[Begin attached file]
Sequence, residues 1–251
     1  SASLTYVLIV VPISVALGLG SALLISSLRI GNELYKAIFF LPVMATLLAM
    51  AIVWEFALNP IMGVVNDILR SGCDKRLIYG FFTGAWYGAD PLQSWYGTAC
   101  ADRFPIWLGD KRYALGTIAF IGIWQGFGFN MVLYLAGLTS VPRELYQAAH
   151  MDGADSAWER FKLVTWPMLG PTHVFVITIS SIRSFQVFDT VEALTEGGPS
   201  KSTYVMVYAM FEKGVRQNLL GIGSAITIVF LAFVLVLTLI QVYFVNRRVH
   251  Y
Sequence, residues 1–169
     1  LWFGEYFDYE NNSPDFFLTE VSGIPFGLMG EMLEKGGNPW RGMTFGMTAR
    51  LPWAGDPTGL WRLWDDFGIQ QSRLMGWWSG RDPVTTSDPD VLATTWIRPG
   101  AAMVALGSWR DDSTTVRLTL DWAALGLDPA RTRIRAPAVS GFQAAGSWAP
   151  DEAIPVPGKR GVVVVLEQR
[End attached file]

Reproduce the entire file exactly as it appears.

Sequence, residues 1–251
     1  SASLTYVLIV VPISVALGLG SALLISSLRI GNELYKAIFF LPVMATLLAM
    51  AIVWEFALNP IMGVVNDILR SGCDKRLIYG FFTGAWYGAD PLQSWYGTAC
   101  ADRFPIWLGD KRYALGTIAF IGIWQGFGFN MVLYLAGLTS VPRELYQAAH
   151  MDGADSAWER FKLVTWPMLG PTHVFVITIS SIRSFQVFDT VEALTEGGPS
   201  KSTYVMVYAM FEKGVRQNLL GIGSAITIVF LAFVLVLTLI QVYFVNRRVH
   251  Y
Sequence, residues 1–169
     1  LWFGEYFDYE NNSPDFFLTE VSGIPFGLMG EMLEKGGNPW RGMTFGMTAR
    51  LPWAGDPTGL WRLWDDFGIQ QSRLMGWWSG RDPVTTSDPD VLATTWIRPG
   101  AAMVALGSWR DDSTTVRLTL DWAALGLDPA RTRIRAPAVS GFQAAGSWAP
   151  DEAIPVPGKR GVVVVLEQR